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The 7 Golden Rules of Member-Centric Email Marketing

How trustworthy is your email marketing? Step into your member’s shoes and see if you’re following these 7 golden rules to earn their trust.

As email marketers, we strive to make all our communications member-centric. This means putting ourselves in the member’s shoes every time we start an email to them. If we get it right, members trust our emails and are more likely to read them. This leads to trust in the organization, and a relationship that lasts. 

 So, what are the golden rules for member-centric email marketing?


1. Respect Your Audience

Your audience is savvy, and so are their email service providers (ESPs). ESPs have all kinds of filters and settings that affect email deliverability. Disrespect your audience and their wishes, and you’re unlikely to be allowed in. Showing respect means ensuring you have their permission to email them, never using purchased lists, and never sending generic bulk emails.


2. Respect their time.

You know how little time you have, and you know how many emails you get every day from people desperately trying to get your attention. Your members are in the same boat. So only deliver emails you know will provide value to your members and help them achieve their goals. Get to the point and remember KISS—Keep it Short and Simple.

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3. Make them feel known.

Ironically, automation can make this one easier. Instead of sending the same email to everyone, use emails with dynamic/story-level targeted content, or automated email campaigns that are segment-specific. Each email or campaign should walk recipients down a path of highest relevancy. Want to follow up in an even more personal manner? Marketing automation software can help you watch what recipients do with the email, then send subsequent personalized emails based on those triggers. 


4. Give them control.

Want to create more trust? Give members control over their email experience. Ask what topics and what kinds of email they’d like to receive. Make unsubscribing easy (this one is not only polite, but also the law). Allow recipients to mute emails related to a certain topic they aren’t interested in, such as an upcoming event they can’t attend. And send emails from a human they can just hit “reply” to, not a “no reply” address.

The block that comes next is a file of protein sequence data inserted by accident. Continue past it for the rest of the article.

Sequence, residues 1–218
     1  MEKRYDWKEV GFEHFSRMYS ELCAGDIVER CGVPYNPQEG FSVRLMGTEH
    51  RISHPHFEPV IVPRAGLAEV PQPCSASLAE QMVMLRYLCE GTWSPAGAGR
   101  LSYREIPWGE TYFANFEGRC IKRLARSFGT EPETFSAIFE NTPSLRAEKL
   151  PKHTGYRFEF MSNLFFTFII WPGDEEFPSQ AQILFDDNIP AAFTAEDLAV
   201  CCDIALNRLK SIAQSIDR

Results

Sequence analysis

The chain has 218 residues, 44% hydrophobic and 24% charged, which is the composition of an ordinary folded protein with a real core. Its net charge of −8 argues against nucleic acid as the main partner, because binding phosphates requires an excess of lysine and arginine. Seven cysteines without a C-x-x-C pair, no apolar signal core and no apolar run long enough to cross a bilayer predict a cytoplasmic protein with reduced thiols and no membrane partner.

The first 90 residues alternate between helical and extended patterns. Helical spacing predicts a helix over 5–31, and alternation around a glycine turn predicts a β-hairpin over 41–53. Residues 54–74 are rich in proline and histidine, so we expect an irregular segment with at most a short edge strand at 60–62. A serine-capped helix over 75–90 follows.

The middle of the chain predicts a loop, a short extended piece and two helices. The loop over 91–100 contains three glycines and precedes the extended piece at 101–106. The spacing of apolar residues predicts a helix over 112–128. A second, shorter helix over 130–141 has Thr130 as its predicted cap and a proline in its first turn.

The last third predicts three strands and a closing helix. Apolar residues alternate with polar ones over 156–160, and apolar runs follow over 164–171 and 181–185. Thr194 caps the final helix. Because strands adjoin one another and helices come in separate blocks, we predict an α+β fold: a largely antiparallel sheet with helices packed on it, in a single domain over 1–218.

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5. Put on a great show.

Your emails compete with every other email a recipient gets, from a vast variety of sources, most of which they probably opted-in to receive at some point. That means they’re under no obligation to open or read your emails. They owe you nothing.

Your emails must earn their time and attention using tools like targeted lists, compelling subject lines that communicate value, personalized, targeted copy that informs and/or entertains, an appealing look, no matter what device they view it on (a look that is also consistent with your other brand assets), an offer they’ll want to act on, and functionality (especially links) that has been thoroughly tested and works.   


6. Set expectations.

Some of the most important emails you’ll send are to new members. While they joined your association, in their minds the jury may still be out on whether the experience will be valuable. First email impressions count in email as much as in person. So make your members feel known and welcomed.  

When you’re onboarding new members via email, don’t send all the information at once. Split it up into a few parts. Communicate your many benefits, but in small doses, and give them a way to tell you what benefits and topics they’re most interested in. Then ask them about their reasons for joining and let them know how often they’ll get emails and how they can easily opt-out of specific subjects. Providing the answers to these questions upfront will help you build their trust quickly.   

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7. Don’t ignore the data.

The very best automated email marketing is powered by up-to-date member data. Without it, you’re guessing who you’re emailing and acting on hunches they’ll be interested in what you’re sending them. Instead of guessing, keep adding data and building increasingly robust profiles of your members. After you send your emails, review the data to see what worked for that member or type of member and what didn’t.  

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These aren’t a lot of rules, but they can be hard to follow when we have so much to do and we just need to get the email out the door. The good news is there are plenty of email marketing resources that can help.  

What’s most important is that, as association communicators, we buy into the belief that if we only give members email experiences that we ourselves would appreciate, they’ll be every bit as happy as we would be. This is how those career-long relationships, built on trust, thrive.  

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